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Venice Will Implement Day-trip Entry Fee to Flight Overtourism

Venice Will Implement Day-trip Entry Fee to Flight Overtourism

Venice will launch a ground-breaking project that will be the first of its type in the world, charging visitors a day-trip entry fee from this week. The goal is to solve the problems caused by the excessive number of tourists flooding the city and taxing its infrastructure. Venice intends to relieve the strain and protect its distinct ecology and legacy for upcoming generations by enacting entry fees.

It is a public holiday in Italy today, Thursday, 25 April, thus starting from today onwards, tourists to Venice will need to pay five euros (EUR 5) to enter the city. This is the first time that such a fee has been imposed, and to verify compliance, inspectors will be doing spot inspections at many important locations within the UNESCO World Heritage site.

Venice, hailed as one of the world’s most popular travel destinations, saw an astounding 3.2 million overnight visitors to its historic centre in 2022, a figure that greatly outnumbers the city’s 50,000 residents. Tens of thousands of people visit the city during the day, typically arriving by cruise ship, in addition to the thousands of overnight visitors who come to take in iconic attractions like St. Mark’s Square and the Rialto Bridge.

This made Venice’s small streets and popular sights overcrowded, which affected the city’s infrastructure. To alleviate the burden on Venice’s historic centre, entry tickets have been introduced to encourage day trippers to visit during slower periods.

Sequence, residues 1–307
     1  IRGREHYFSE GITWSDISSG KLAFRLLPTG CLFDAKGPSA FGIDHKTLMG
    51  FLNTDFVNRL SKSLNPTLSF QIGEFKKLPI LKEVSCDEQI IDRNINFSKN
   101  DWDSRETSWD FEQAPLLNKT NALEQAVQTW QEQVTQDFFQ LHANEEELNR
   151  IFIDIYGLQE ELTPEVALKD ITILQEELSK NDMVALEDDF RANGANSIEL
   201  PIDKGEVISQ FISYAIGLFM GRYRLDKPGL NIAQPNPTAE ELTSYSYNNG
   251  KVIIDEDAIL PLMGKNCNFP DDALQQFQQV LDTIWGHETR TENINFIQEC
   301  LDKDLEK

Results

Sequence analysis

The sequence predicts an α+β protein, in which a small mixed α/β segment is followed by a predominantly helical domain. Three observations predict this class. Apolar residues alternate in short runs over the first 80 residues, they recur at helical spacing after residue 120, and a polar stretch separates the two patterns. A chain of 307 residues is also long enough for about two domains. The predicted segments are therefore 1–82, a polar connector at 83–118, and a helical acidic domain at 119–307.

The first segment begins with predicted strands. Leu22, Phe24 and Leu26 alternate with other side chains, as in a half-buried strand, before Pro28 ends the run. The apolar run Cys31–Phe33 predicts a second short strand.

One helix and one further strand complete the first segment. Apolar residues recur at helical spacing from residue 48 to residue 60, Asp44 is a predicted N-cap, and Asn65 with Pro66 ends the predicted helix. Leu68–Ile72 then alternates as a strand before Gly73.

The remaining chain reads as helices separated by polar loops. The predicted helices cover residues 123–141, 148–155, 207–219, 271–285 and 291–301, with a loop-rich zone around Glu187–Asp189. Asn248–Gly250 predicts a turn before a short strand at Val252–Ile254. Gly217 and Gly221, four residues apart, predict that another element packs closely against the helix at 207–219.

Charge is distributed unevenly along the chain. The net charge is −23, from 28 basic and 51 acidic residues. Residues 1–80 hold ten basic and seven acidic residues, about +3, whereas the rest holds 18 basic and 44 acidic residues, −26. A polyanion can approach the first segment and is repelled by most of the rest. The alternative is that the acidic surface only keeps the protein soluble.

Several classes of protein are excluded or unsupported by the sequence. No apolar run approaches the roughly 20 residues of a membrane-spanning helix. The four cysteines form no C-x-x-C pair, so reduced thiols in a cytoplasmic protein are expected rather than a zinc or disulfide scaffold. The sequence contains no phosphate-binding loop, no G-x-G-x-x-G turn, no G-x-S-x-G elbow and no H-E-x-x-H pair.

Tickets will be needed for entry on 29 of the busiest days between May and July, particularly on the weekends. This plan may control the influx of tourists during busy times while letting them experience Venice during slower periods.

However, Venice’s effort points to a larger concern about finding a balance between the economic advantages of tourism and its possible drawbacks for local populations and the environment. Cities like Venice are attempting to preserve their natural and cultural assets while making sure that tourism is viable for coming generations by putting policies like entry tickets in place. 

Due to problems including increased tourism and rising sea levels brought on by climate change, UNESCO issued a warning last year about the potential for Venice to be added to its list of historically significant places at risk. After municipal authorities decided to start a new ticketing system, the city just managed to avoid this classification.

The mayor of Venice has promised that there won’t be any problems when the new day-trip entry fee system is put into place, stressing “very soft controls” and making sure there are no lines. Controllers will do on-the-spot inspections of guests at strategic entryways, like the Santa Lucia rail station. Visitors who are discovered without a ticket will be urged to acquire one when they arrive or pay fines that range from 50 to 300 euros.

The “Venice Access Fee” is only applicable to day visitors who are in the old town between 8:30 am and 4:00 pm; visitors staying in hotels, children under 14, and individuals with disabilities are not charged this fee. The number of tickets sold per day has no limits and can be obtained as a QR code via the website

For more travel-related updates and news, follow NCL Travel.



Photo by Chait Goli from Pexels.

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Written by Nadia Farha Mubin

Content Writer and Travel Enthusiast


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